Watercress is a superfood, make no doubt about it. And in the end, it is enjoyable to eat. Watercress is loaded with fiber and is a low-fat food option. The benefits of watercress are no secret, however, many people forget to include this superfood into their daily or weekly diets. Watercress just isn’t as sexy of a superfood as all the other superfoods, but that doesn’t mean it isn’t just as powerful.
Discovering the power harnessed by watercress can be a game changer. I honestly love to cook with it, and sometimes, I eat it raw. If you are someone that strives to get as much leafy green nutrition into your life, then you need to read more about the benefits of watercress.
Watercress, also called scientifically, Nasturtium officinale, is a part of the aquatic plant species. We will go ahead and continue to refer to it as “watercress,” mostly because we don’t really know how to pronounce the other botanical name. Watercress can float due to having hollowed out stems, hence, the “aquatic plant” designation. Watercress is considered a perennial plant. It is found in Europe and Asia. And it grows super fast. And of course, watercress is a superfood due to all the vitamin and nutrients it possesses.
The Benefits Of Watercress
- Calcium for bones
- Digestion power
- Beautiful skin and hair
- Say no to cancer
- Stop feeling so puffy
Watercress Is A Calcium Monster
Watercress is loaded with calcium, which of course, is great for your teeth and bones. Clearly, this makes watercress a perfect vegetable to sneak into the kids diet.
Watercress Aids Your Digestion
Digestion is a huge part of a person’s general health profile. All too often, we overlook the importance of healthy digestion. Poor digestion can often be the sign of an unhealthy person. Watercress contains healthy digestive enzymes that will help your intestines deal with the process of digesting your foods. What’s better? These healthy enzymes help the body extract nutrients from food sources. Just because you eat a healthy food doesn’t mean you get all the benefits of that food source’s minerals and vitamins. Those need to be extracted through the digestive process in an efficient manner that allows the body to utilize them. People with unhealthy digestions which lack good enzymes may not be absorbing vitamins and minerals, making them deficient, even though they choose healthy foods.
Watercress Benefits The Skin
Your skin is a large organ that often serves as an indicator for good (or bad) health. People often remark that after giving up unhealthy habits such as alcohol, cigarettes, and processed sugar, that their skin begins to “glow.” Sulfur is a mineral that is often used to help people with eczema, psoriasis and even simple acne. And yes, sulfur is found in watercress. When your skin is healthy, this often means your hair and nails are benefitting as well. It truly is a big win for your appearance when you eat watercress frequently.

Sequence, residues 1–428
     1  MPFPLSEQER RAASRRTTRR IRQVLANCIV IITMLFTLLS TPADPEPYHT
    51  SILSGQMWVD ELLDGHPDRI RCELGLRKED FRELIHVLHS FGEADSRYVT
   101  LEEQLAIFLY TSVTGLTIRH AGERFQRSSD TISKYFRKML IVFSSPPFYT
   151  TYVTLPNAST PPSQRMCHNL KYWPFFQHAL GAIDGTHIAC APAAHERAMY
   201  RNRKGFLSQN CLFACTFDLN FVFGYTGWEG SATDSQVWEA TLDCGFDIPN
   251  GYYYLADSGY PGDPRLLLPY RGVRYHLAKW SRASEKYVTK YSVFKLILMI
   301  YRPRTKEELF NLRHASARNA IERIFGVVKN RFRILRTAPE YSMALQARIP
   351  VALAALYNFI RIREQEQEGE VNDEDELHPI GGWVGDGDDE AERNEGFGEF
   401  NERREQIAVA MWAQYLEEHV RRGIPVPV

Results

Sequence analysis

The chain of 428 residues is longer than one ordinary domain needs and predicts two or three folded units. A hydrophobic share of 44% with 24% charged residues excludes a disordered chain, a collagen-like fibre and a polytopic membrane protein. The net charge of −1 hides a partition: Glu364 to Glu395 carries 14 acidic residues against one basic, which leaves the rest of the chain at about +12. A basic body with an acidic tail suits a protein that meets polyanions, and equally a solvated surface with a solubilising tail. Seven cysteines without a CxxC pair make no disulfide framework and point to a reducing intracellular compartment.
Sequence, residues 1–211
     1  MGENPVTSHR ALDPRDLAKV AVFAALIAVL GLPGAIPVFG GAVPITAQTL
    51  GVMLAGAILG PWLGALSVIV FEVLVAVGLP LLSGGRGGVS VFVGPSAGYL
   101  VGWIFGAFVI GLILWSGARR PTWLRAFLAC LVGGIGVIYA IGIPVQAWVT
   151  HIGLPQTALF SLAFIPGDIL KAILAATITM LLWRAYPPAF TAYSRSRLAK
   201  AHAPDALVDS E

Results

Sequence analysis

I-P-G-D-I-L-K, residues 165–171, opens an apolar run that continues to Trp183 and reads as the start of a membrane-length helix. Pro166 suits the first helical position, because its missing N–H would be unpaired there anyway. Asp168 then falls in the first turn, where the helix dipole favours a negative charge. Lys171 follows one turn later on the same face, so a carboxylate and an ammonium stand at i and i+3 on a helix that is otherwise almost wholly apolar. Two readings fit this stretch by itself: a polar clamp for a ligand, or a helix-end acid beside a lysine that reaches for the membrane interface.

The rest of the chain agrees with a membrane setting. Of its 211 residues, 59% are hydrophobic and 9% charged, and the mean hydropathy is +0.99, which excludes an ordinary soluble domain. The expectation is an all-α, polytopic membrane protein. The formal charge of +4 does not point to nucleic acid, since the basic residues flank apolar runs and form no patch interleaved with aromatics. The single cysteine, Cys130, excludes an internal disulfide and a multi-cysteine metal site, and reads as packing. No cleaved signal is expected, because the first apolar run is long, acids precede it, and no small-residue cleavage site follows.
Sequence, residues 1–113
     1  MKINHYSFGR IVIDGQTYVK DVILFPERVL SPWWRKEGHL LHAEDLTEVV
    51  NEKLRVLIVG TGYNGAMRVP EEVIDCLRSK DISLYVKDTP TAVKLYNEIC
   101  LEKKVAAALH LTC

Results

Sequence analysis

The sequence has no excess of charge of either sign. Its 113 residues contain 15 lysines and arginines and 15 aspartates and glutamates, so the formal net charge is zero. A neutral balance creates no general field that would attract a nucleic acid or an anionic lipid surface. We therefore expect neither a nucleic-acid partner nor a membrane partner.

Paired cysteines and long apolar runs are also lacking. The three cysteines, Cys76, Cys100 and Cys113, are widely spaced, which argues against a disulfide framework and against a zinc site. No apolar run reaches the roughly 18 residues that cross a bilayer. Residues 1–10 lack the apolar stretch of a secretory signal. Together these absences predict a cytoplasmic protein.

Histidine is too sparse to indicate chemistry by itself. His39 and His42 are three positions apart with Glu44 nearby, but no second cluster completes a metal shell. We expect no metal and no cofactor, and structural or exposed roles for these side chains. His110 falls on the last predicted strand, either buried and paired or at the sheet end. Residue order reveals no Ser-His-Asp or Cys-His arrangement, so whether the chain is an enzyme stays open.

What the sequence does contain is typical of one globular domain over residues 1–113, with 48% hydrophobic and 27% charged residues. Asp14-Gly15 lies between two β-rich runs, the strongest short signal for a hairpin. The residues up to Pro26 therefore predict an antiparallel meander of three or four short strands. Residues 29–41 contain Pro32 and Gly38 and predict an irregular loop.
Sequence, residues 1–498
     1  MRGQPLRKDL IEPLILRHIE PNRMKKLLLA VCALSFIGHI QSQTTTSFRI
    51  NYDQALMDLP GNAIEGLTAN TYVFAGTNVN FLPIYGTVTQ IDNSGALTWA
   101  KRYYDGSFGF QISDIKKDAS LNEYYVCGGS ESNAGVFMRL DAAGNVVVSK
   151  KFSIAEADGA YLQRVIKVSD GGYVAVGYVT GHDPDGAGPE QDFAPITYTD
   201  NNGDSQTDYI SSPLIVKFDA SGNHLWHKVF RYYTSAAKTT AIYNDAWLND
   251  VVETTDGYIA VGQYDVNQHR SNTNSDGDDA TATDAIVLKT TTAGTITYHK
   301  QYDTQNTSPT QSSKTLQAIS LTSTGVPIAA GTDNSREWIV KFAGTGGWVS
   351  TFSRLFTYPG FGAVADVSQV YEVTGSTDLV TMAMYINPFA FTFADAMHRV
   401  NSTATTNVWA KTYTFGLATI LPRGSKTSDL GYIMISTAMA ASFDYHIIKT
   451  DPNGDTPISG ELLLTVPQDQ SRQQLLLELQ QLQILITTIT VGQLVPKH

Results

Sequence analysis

Watercress Slays Cancer (kind of)
Cancer is the number one killer in the Western world. Like many degenerative diseases, cancer has no cure. Often times, people utilize preventative measures to hope to stave off the onset of cancer. Exercise, avoiding processed sugars, drinking lots of water, and drinking the best green superfood powder drinks are often a part of these preventative activities.
Watercress contains glucosinolate compounds. These compounds have been shown to decrease the risks of breast cancer, lung cancer, and alimentary tract cancers. Eating watercress as a part of a normal and healthy diet can essentially serve a preventive measure against cancer. That’s reason enough to get your watercress on.
Watercress Helps Your Lymphatic Balance
Watercress is a great source of potassium, which is an electrolyte capable of balancing your fluids. No one wants to have that “puffy face” look, right? I know I don’t. Fortunately, the potassium content in watercress can serve to help keep your fluids balanced by flushing out the stored water. Haven’t you heard people say to eat a banana after eating a salty meal? Well, watercress is similarly capable in such regards, it just isn’t discussed in the same light as the banana. But watercress trumps the banana due to having a much lower sugar count.
How To Cook Watercress
Well, now that we know that watercress benefits are outstanding for us, maybe we should take a look at how to get a little into our diet. Let’s start with cooking it. Watercress is very similar in texture to spinach. Too cook watercress, I recommend sauteeing as the method. Use a little salt and maybe a couple of tablespoons of olive oil or coconut oil. I recommend medium heat. I tend to cover it to start, lifting the cover occasionally to stir it. Then when I can see that the watercress is “broken down,” I remove the cover and stir until it is at a point that looks good to me. The pan’s lid essentially negotiates the amount of moisture the watercress takes on during the cooking process. It cooks a bit faster in the beginning covered because it somewhat steams it. In the end, I allow some of that moisture to evaporate until it hits the texture I enjoy.
You can sautee watercress with ginger or garlic, I often add peppers, onions and other vegetables like mushrooms. I enjoy spicing it up just slightly with cayenne pepper as well, but that may not be your thing.
Can I Eat Watercress Raw?
Yes, you can. Always make sure to wash it first, of course. You can expect to get a bit of a tangy and maybe bitter taste from it. You may or may not enjoy such an experience. Raw foods do tend to provide a better nutritional experience as the nutrients are subjected to intense heat which can sometimes kill them off.
Watercress Benefits: Final Thoughts
Watercress is a true superfood. Including the benefits of watercress into your diet can vastly improve your health, help strengthen bones, stave off cancer and improve your skin. It is also highly attributed to improving digestion.